- Paperback: 64 pages
- Publisher: Jonathan Cape; UK ed. edition (14 Aug. 2003)
- Language: English
- ISBN-10: 0224069594
- ISBN-13: 978-0224069595
- Product Dimensions: 12.8 x 0.7 x 19.8 cm
- Average Customer Review: 4.7 out of 5 stars See all reviews (3 customer reviews)
- Amazon Bestsellers Rank: 608,307 in Books (See Top 100 in Books)
Hard Water Paperback – 14 Aug 2003
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"This collection establishes Jean Sprackland as a definite new talent. These poems in Hard Water have the exhilarating quality of freshness and truth: poems of memory and place, religion and childhood, captured with relish in a textured and physical language. Added to this are a gift for the colloquial and a subtle, sexy humour. This is a hugely enjoyable collection by a poet writing with clear gusto and authority. Buy it- and then buy it for a friend" (Carol Ann Duffy)
"Jean Sprackland's poems reinvent the world with a wicked, michievous magic. Delighting in unsettling narratives and transformations, she turns the familiar landscape of everyday life into something instantly more compelling and mysterious- often anxious and troubling but always thrilling. There is an undeniable beauty at the dark heart of these poems" (Neil Rollinson)
"This is an exhilarating book; each poem a dazzling performance which shifts our perception of the world" (Vicki Fever)
A brilliant young woman poet joins the Cape list.See all Product description
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Top Customer Reviews
I’d read her first book, “Tattoos for Mother’s Day”, so I knew she had ability. An interesting quirkiness, a hint of darkness in her poetry. It was a quietly competent first book. But so often the second book (or album, or film) is a real disappointment.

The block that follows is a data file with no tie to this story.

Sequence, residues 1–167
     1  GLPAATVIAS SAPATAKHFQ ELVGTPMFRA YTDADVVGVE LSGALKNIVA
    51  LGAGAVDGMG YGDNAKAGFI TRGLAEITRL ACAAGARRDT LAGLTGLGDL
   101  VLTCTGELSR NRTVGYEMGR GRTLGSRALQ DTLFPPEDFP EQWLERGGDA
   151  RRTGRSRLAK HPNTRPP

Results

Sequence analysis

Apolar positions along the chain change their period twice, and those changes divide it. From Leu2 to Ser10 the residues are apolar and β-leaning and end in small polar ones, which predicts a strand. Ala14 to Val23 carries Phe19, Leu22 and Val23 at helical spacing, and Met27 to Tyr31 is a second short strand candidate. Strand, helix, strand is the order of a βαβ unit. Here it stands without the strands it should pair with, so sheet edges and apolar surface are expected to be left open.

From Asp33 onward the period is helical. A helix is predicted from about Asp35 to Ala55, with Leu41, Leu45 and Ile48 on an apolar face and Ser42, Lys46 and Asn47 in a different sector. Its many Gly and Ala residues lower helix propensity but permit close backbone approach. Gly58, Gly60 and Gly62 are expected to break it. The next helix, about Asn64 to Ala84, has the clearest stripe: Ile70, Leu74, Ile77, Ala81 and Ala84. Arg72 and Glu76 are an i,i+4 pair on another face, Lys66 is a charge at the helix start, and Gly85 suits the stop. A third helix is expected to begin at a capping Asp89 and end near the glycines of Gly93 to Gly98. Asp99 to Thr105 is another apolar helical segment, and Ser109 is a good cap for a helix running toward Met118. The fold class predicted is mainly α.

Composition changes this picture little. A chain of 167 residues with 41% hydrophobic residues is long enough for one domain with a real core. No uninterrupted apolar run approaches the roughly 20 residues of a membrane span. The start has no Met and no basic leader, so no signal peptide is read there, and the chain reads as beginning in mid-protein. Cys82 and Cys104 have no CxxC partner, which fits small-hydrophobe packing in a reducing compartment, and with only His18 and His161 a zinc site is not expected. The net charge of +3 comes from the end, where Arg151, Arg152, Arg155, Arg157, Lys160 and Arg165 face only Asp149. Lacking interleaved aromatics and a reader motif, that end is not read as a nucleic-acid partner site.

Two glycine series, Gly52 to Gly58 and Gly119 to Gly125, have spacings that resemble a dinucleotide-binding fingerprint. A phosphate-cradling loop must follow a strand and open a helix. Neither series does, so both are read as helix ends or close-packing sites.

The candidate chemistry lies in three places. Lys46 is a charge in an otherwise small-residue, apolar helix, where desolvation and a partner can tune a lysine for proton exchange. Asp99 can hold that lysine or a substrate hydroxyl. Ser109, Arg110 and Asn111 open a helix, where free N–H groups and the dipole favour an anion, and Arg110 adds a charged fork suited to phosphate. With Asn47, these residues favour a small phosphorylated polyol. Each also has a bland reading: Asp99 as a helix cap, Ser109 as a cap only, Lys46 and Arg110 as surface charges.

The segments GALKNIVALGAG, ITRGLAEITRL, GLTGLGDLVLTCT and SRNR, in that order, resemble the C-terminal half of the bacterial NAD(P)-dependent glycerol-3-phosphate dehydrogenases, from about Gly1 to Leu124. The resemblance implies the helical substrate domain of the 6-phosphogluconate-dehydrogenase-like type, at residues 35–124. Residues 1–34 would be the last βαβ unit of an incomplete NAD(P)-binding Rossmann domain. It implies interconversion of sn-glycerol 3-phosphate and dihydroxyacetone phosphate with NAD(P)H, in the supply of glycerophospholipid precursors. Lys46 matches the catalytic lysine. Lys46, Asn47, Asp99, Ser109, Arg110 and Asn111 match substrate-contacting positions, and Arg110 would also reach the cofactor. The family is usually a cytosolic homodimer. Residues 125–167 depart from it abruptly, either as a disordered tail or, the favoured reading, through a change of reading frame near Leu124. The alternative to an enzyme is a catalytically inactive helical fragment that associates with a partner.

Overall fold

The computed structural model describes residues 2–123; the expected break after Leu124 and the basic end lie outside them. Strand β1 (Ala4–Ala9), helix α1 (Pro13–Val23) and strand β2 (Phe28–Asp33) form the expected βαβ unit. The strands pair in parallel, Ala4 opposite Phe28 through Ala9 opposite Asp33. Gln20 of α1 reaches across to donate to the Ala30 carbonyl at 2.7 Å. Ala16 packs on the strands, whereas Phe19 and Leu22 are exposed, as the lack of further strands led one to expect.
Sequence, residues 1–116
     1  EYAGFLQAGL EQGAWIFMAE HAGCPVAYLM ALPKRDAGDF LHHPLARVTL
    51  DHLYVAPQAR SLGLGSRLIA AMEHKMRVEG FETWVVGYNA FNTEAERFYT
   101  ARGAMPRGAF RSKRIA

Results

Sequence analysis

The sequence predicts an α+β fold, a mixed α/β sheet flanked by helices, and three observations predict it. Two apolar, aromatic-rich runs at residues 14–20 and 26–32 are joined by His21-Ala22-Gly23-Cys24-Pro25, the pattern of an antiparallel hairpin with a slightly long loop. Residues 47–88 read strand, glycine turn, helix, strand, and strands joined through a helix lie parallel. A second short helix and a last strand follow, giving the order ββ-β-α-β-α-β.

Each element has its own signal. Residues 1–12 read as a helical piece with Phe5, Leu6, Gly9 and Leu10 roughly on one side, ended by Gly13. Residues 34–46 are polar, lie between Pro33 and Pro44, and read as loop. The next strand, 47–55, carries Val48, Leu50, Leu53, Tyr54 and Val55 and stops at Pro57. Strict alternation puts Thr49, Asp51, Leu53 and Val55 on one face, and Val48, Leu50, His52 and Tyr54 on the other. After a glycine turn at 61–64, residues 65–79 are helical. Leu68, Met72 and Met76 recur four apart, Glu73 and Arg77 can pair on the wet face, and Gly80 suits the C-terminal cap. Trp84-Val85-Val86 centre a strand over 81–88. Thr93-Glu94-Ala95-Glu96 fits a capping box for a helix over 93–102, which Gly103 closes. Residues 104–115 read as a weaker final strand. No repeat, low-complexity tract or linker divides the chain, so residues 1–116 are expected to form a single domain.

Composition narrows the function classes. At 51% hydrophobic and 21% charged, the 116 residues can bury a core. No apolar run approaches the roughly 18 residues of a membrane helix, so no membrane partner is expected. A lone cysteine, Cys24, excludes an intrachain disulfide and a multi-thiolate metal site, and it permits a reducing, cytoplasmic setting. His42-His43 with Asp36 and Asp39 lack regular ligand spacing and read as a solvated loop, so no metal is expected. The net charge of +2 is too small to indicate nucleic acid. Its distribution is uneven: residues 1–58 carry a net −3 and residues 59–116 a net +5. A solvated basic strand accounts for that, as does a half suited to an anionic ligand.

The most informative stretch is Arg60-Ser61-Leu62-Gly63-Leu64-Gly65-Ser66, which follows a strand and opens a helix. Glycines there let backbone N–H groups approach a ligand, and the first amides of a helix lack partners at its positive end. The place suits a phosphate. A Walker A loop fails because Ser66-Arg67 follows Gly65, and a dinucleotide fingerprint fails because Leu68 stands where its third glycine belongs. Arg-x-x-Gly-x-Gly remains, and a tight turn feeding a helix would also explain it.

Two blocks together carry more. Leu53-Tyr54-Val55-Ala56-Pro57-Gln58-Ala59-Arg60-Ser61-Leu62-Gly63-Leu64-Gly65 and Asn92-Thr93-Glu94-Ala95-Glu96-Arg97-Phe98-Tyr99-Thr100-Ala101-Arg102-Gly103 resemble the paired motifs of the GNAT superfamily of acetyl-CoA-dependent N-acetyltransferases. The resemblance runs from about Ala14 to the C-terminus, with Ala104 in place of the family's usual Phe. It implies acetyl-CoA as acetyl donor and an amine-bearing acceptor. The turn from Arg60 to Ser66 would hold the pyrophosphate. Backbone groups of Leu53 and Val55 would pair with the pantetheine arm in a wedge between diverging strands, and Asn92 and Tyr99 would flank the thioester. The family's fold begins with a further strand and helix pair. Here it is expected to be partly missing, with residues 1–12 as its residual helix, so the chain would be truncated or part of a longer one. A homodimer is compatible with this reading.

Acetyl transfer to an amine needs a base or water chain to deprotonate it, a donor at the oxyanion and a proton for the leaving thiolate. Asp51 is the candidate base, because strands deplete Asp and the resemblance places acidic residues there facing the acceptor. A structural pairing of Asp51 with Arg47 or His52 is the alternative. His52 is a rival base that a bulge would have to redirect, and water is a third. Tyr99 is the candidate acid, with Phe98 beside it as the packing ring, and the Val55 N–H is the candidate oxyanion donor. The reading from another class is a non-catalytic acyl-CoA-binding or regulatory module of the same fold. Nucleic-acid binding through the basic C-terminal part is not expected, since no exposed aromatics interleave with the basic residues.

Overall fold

But not here. This is a stunning book – her range, her technique, her deftness in expression all point to the development of a real poetic talent.
“The Apprentice” opens with:
“I married a big man with clumsy hands,
whose touch left me fingerprinted with bruises ...”
“... I turned
and took his hands, set them free.”
Or there’s “Losing the Dark”:
“... away from the glare
that opens you like a knife. How all the birds
might sing themselves to death.”
Her work ranges from the macabre (“St Nicholas and the Salted Boys”) through the sexual (“Shadow Photograph”, "The Apprentice") to the political (“Soulless”). There are fables ( “Lifesaving”, “Holy”) and excursions into other characters (“A Hangman’s New Career”, “Mr Smiley”).
She is funny, she is accessible, she has a sharp mind and an eye for the oddness that lurks in the most ordinary things. She makes you look at the world as though for the first time. She is a real poet.
Carol Ann Duffy summed it up: “Buy it – and then buy it for a friend.”
Neither of you will regret it.
This honestly has to be one of the best collections of poetry I have read. There's not really a damp squid in there. Jean Sprackland's writing is fresh and quirky and, in places, reassuringly northern. Her writing reminds me of Billy Collins who is still my favourite modern day poet.
A few notable crackers: Hard Water, Caravan, Shocks, The Man Who Comes To Collect The Bottle Bank, The Light Collector and the unique and disturbing A Baby In The Filing Cabinet. I'd say the Light Collector is the pick of the bunch.
Overall a fab collection of poems.